The train's test car, filled with computer screens and technicians, rocks with a cacophony of conversations and radio transmissions in French, French Canadian and English. One official privately compared the test car to the bar scene from "Star Wars," although the characters are better-looking.

So far, engineers seem to be on top of developmental problems, although it is too early to declare victory.

By far the most serious problem so far has been solved. At first, the wheel sets--called "trucks"--developed a problem called "truck hunting" at high speeds. Essentially the wheel sets began oscillating from side to side, risking derailment.

Part of the solution was to use a different tread profile on the steel wheels, which now has apparently led to unusually rapid wear of the wheel flanges. Engineers are now working to solve that problem.

Most other problems involve software changes to avoid electromagnetic interference with nearby signal systems.

Externally, the new train sets resemble the French TGV, with sloped, bullet-like noses. Each train set will have six cars and two 6,250-horsepower electric locomotives, with capacity for 304 people in two classes of service.

The four coaches on each train--which Amtrak will call "business class"--will feature two seats on each side of the aisle with audio programming at each seat, 120-volt outlets for laptop computers, and large seats with adjustable headrests and footrests. The one first-class car will have two seats on one side of the aisle and just one seat on the other. The car will have video screens and at-seat food service. Restrooms are designed to "feel like home," Amtrak promises, with more space, better lighting and baby-changing tables.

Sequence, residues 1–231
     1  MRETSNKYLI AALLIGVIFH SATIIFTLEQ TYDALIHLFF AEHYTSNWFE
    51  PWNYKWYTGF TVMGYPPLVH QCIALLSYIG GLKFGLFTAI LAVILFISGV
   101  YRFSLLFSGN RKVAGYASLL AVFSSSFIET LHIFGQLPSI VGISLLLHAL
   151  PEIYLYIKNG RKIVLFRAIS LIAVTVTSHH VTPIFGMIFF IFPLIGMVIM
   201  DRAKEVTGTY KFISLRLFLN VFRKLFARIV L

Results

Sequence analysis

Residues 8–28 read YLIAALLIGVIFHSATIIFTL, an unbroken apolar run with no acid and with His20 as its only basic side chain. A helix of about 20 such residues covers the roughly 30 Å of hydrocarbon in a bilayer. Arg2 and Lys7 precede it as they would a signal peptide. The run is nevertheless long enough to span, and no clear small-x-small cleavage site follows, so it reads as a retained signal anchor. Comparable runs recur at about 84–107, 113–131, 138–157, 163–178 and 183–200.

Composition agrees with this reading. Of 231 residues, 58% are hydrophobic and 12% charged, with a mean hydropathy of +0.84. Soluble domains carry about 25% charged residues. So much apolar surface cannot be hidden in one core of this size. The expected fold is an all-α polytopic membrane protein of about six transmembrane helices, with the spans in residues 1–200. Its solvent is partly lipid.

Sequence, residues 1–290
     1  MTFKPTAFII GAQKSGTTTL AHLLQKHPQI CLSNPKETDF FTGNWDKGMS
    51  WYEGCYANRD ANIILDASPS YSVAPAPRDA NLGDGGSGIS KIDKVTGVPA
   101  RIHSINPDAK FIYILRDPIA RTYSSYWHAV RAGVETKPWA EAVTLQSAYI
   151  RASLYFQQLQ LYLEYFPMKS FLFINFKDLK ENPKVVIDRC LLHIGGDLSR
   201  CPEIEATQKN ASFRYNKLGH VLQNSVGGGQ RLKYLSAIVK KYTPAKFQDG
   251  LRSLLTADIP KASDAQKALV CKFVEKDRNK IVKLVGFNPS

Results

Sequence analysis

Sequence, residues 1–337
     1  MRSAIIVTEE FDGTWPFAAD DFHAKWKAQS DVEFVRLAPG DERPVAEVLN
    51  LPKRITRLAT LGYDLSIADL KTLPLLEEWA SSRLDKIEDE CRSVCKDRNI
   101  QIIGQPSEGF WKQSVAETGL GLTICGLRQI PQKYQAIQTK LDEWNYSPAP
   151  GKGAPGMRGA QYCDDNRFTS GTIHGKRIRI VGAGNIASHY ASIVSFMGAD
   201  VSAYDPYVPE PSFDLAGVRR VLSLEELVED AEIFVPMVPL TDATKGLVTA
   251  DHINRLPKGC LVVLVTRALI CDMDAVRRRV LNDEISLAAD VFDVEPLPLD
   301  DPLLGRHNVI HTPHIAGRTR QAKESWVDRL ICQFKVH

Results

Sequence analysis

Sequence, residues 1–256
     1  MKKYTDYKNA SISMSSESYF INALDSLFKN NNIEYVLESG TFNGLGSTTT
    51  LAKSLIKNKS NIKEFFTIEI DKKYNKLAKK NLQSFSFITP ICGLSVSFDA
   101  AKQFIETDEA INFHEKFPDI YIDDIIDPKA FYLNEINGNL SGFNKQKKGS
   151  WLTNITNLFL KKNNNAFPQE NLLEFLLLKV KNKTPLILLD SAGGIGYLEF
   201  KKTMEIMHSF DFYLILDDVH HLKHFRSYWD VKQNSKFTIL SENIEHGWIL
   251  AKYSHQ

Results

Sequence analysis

Each train will have a cafe car, which Amtrak promises will offer improved food and beer on tap. Privately, Amtrak officials say the semi-comfortable bar-stool-type seats are designed to discourage passengers from simply hanging out at the bar for the whole trip.

Sleek and Speedy

Some specifics on the 20 high-speed trains that Amtrak is putting into service.

Name: The Acela

Manufacturers: Bombardier of Montreal and Alstom of Paris

Maximum speed: 165 mph, but service will not exceed 150 mph

Service scheduled to start: November or December; by August 2000, the trains should replace Metroliner service and take over all other premium trains service between Washington and Boston

Cost: $140, one way, Washington to New York

Seating capacity: 304 people

First-class features: Video screens and at-seat food service

Business-class features: Audio programming at each seat; 120-volt outlets for laptops; large seats with adjustable headrests and footrests

Acela's Web site: www.acela.com